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esolid
Library for Exact Solid Modeling


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What's new?

08/12/04 The Web pages are renewed.
04/17/06 References are added.
04/17/06 The release Ver. 0.3 is uploaded. [Download]

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ESOLID

ESOLID, developed primarily at the University of North Carolina, is a geometric solid modeler. Given a CSG-tree of primitive solids, ESOLID performs exact boundary evaluation and returns the B-rep of resulting solid. ESOLID uses exact computation in order to eliminate numerical errors. ESOLID assumes that all the solids are in general position.

Robust Geometric Solid Modeling

A significant problem can arise when performing boundary evaluation. This is the problem of numerical error. Slight inaccuracies in the representations or the computations can cause numerical errors, which can lead to seriously incorrect output or program crashes. Even seemingly minor errors can eventually compound until they are serious enough to cause these problems. These problems with numerical error are magnified considerably when dealing with curved surfaces.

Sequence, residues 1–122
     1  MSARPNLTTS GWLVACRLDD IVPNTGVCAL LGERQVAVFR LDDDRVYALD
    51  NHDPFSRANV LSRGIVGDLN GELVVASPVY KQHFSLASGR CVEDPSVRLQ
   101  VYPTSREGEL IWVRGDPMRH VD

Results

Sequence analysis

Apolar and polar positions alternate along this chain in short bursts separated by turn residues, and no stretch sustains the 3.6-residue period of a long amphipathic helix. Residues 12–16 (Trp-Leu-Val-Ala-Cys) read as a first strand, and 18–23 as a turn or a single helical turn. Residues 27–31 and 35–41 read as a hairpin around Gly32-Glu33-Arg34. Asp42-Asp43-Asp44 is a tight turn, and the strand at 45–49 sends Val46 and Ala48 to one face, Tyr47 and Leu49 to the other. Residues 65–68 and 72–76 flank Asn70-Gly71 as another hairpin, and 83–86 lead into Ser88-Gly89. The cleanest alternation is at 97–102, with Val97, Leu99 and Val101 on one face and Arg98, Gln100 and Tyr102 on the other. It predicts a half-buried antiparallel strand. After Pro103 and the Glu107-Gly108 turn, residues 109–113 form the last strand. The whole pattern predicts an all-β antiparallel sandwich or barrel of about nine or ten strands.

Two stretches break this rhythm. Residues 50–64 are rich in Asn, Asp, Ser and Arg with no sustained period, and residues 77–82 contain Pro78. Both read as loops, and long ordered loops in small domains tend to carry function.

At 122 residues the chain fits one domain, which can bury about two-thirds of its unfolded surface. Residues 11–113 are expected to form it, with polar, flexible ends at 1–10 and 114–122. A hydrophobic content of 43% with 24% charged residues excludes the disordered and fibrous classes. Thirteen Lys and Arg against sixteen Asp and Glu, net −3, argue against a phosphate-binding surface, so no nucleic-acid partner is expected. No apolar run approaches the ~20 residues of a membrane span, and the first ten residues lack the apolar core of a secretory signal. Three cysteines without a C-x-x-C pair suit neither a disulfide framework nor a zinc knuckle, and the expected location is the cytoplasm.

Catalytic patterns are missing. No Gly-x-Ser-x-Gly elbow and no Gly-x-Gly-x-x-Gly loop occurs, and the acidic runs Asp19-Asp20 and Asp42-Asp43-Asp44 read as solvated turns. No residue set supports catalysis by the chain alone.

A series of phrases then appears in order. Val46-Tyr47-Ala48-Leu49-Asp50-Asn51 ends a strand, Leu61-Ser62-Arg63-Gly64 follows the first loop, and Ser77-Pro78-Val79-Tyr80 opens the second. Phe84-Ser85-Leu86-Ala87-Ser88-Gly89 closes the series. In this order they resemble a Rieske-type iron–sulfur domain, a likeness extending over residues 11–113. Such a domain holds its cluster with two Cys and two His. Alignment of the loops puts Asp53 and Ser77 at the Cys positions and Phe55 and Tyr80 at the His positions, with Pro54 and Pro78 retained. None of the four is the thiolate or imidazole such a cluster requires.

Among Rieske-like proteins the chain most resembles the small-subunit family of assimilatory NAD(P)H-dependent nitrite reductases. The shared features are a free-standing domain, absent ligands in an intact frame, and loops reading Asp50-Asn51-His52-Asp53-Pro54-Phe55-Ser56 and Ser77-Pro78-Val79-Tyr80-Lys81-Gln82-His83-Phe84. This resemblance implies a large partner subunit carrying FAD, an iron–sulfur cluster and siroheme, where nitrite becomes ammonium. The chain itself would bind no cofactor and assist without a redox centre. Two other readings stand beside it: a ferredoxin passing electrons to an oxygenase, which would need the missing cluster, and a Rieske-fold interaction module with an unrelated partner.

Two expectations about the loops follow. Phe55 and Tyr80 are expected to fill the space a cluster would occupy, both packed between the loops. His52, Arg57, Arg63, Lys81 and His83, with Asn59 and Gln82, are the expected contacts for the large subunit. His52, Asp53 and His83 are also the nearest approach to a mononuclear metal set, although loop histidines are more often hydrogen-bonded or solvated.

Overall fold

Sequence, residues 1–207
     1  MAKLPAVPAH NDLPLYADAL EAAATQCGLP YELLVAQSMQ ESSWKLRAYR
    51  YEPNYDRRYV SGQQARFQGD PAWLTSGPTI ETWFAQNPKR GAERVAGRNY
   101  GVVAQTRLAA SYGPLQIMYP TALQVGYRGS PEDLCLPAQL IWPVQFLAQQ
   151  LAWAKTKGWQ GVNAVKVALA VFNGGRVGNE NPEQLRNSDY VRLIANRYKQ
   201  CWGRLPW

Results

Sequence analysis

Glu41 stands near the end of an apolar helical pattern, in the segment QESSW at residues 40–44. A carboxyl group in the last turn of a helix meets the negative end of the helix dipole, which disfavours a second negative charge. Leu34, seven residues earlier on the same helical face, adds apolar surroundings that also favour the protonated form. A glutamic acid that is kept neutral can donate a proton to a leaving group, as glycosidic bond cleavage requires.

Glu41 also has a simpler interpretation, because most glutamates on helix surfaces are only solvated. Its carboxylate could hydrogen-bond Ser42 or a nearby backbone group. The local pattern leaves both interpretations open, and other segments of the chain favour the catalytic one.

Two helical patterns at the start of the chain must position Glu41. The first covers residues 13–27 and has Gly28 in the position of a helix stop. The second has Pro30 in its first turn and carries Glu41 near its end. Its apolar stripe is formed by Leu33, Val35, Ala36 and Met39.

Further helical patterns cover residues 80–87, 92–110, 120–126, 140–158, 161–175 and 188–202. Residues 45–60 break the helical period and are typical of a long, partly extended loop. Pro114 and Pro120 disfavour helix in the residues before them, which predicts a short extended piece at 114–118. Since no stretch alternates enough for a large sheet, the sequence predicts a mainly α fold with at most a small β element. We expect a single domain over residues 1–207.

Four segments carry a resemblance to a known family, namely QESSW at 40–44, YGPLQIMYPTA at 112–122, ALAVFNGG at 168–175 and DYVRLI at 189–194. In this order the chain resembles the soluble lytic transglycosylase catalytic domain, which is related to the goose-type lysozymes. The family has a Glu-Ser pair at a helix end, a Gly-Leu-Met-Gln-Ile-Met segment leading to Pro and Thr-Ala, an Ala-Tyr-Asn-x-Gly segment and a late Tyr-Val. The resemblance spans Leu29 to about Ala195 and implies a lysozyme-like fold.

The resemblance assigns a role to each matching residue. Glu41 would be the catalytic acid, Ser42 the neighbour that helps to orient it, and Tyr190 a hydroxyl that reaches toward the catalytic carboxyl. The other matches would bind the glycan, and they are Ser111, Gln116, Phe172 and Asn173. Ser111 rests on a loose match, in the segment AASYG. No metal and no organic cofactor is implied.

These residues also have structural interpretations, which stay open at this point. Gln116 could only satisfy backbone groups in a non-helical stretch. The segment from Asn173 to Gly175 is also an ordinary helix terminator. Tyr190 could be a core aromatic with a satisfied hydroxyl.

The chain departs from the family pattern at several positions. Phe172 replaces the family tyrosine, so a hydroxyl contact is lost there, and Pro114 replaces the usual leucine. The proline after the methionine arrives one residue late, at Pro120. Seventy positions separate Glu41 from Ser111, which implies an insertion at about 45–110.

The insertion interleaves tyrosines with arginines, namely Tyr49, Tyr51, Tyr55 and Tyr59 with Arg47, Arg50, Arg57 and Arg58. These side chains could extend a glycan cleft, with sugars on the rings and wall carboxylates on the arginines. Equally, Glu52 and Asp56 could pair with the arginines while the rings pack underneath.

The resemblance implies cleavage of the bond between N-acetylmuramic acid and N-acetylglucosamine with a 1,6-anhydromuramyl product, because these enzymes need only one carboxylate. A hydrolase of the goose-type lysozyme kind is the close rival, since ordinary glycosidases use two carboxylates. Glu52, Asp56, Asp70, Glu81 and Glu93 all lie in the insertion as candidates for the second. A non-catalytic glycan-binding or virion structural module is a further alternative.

Exact Computation for Algebraic Numbers

The approach that we chose to follow has been to use exact computation. Exact computation means that all numerical values are determined to a precision guaranteed to make any decision based on that number correct. The drawback to exact computation is that it can be extremely slow (many orders of magnitude). The goal of our work has been to create a boundary evaluation program that uses exact computation (thus eliminating all numerical errors) that runs on low-degree curved solids (i.e. the types found in most CSG models), at speeds no more than two orders of magnitude slower than a comparable inexact program.

Degeneracies

ESOLID assumes that all the solids are in general position. Thus, ESOLID may fail or crash on the input with degeneracies.

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Copyright 2003-2006 - ESOLID Project, All Rights Reserved

This material is based upon work supported by the National Science Foundation under Grant No. 0138446. Any opinions, findings, and conclusions or recommendations expressed in this material are those of the author(s) and do not necessarily reflect the views of the National Science Foundation.